In markets with relatively few large competing firms, there is a risk of consumer harm. This market structure is prevalent in the communications sector. Ofcom has undertaken this study to understand how such a market might be affected by one firm acting as a ‘disruptive’ operator.
Consumer harm in concentrated markets can arise even without a single dominant company or companies engaging in overt collusion. It may take the form of prices being substantially above costs or product quality being low. These problems can be exacerbated where takeovers or mergers lead to even fewer, bigger network operators.
Mobile communications is an industry which has historically been associated with a number of disruptive firms. In addition, in recent years there has been a trend of mergers and consolidation in mobile markets, some of which have involved so-called disruptive firms.
So Ofcom wanted to test a starting hypothesis that disruptive firms (which do not follow the crowd and actively disturb existing market dynamics) may act as an important competitive constraint where there is a limited number of large firms in a market; and that mergers or takeovers involving a disruptive firm, can reduce that competitive constraint to the detriment of consumers.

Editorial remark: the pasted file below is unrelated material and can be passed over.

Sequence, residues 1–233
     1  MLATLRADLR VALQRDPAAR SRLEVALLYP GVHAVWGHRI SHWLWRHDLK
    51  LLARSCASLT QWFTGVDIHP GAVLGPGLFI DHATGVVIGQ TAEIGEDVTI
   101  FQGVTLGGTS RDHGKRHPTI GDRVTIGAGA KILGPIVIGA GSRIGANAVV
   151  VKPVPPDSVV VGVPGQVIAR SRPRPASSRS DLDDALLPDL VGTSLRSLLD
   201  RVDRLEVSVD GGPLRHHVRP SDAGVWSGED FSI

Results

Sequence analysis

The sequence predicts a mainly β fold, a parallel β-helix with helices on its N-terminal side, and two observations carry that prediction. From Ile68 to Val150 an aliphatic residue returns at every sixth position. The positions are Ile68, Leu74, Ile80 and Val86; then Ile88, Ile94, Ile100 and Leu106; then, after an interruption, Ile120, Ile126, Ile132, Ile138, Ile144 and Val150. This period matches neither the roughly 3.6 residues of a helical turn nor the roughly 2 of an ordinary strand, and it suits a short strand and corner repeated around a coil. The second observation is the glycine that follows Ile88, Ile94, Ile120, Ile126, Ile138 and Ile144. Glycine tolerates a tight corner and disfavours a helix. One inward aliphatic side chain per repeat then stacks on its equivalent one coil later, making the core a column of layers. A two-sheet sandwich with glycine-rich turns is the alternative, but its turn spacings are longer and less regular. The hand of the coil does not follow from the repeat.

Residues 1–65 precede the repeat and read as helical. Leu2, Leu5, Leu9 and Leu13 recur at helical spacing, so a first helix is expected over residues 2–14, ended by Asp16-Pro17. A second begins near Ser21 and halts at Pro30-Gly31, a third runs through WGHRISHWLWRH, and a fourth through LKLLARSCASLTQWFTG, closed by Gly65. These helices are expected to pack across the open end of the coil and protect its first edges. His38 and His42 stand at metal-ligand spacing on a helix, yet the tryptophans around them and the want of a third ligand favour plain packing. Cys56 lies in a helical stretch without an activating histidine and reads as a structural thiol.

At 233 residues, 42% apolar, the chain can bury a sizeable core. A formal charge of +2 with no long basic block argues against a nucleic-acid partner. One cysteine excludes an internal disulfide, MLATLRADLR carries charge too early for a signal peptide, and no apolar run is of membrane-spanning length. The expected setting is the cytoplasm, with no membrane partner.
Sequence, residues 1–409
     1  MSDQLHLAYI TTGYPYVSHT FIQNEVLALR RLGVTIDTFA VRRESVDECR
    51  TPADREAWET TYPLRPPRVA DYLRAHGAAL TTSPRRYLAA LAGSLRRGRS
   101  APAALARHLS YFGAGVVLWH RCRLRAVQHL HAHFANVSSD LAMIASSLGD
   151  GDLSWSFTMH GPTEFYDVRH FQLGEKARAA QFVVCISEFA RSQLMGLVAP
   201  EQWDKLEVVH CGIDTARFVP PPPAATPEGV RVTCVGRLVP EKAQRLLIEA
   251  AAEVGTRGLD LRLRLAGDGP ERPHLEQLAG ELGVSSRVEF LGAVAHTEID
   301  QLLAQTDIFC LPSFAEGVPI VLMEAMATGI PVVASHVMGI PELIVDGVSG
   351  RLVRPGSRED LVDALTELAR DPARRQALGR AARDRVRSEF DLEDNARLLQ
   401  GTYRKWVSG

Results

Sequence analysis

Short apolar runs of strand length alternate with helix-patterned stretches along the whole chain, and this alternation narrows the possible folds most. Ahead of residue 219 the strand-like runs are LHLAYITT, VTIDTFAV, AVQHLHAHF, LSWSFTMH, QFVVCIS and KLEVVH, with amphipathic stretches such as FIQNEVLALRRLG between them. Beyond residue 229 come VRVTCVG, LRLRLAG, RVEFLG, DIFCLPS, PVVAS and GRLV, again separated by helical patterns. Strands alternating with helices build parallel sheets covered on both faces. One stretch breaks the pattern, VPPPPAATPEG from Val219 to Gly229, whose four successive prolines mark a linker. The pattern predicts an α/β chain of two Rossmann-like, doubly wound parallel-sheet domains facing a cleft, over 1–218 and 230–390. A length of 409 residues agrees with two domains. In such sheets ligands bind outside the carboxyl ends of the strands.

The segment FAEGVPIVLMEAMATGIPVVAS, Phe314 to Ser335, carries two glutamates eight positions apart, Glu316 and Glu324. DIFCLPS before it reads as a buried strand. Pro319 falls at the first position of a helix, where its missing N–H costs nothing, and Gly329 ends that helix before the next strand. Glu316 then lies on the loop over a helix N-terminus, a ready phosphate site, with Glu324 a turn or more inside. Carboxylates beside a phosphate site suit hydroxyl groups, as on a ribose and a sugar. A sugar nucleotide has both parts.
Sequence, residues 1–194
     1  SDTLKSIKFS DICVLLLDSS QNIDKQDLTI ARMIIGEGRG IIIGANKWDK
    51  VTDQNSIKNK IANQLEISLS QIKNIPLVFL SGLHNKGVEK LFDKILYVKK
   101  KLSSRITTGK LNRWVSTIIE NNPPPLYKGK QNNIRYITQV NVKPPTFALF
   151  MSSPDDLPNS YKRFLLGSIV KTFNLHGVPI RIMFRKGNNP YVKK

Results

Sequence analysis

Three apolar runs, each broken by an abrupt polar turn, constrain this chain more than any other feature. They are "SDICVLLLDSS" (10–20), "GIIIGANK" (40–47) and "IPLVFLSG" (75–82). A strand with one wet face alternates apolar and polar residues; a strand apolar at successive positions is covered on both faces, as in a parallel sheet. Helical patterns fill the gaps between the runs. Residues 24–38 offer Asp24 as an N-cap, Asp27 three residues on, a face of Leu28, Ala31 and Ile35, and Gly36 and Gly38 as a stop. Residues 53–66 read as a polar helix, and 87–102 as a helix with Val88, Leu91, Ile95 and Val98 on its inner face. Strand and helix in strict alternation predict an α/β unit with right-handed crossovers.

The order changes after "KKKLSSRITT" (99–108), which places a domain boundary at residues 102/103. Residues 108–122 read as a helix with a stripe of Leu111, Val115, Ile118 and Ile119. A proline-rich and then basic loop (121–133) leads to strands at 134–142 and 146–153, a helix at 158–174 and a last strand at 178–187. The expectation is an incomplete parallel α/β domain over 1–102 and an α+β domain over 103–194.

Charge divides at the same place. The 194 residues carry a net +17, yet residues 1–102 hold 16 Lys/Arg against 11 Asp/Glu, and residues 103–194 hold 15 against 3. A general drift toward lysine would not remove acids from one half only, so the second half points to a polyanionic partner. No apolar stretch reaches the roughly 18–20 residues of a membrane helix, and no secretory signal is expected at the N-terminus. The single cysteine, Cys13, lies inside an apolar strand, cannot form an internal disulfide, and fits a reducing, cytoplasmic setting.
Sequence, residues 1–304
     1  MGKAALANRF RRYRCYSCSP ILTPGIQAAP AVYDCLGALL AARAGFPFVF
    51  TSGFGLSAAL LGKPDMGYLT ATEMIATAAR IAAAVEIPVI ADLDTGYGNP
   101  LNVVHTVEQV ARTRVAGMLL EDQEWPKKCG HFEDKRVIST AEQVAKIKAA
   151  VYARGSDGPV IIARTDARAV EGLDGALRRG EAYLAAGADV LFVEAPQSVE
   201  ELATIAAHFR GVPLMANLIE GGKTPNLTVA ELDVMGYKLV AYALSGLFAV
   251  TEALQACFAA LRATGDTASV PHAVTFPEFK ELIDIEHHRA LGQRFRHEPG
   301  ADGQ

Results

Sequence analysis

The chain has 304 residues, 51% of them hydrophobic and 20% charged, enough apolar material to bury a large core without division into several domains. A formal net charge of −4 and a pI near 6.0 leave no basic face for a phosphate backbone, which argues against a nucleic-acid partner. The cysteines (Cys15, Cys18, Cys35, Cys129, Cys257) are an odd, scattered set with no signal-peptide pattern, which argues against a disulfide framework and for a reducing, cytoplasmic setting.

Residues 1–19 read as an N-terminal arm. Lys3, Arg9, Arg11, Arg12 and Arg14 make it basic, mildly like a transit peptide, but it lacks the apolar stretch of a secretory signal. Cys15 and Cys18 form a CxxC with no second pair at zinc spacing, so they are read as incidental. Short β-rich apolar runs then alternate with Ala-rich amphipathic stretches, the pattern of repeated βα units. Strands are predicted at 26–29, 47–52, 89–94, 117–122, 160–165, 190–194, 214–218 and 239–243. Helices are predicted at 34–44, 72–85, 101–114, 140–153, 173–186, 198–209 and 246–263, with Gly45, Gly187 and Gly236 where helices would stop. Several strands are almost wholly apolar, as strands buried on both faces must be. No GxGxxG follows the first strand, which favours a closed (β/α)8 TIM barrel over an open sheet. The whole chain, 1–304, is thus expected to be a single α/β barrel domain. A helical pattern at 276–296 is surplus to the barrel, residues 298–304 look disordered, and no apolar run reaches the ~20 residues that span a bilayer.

To test our starting hypothesis, we undertook a cross-country econometric study to examine the effects on pricing of disruptive firms in the mobile markets of a group of countries. Our statistical analysis compares mobile prices across twenty-five countries over the period 2010-2015, controlling for characteristics of differentiated mobile tariffs and country-specific effects.
Our findings support the proposition that disruptive firms reduce prices in the markets in which they operate. They also support the proposition that greater competition - delivered by a greater number of players - has a positive effect on pricing.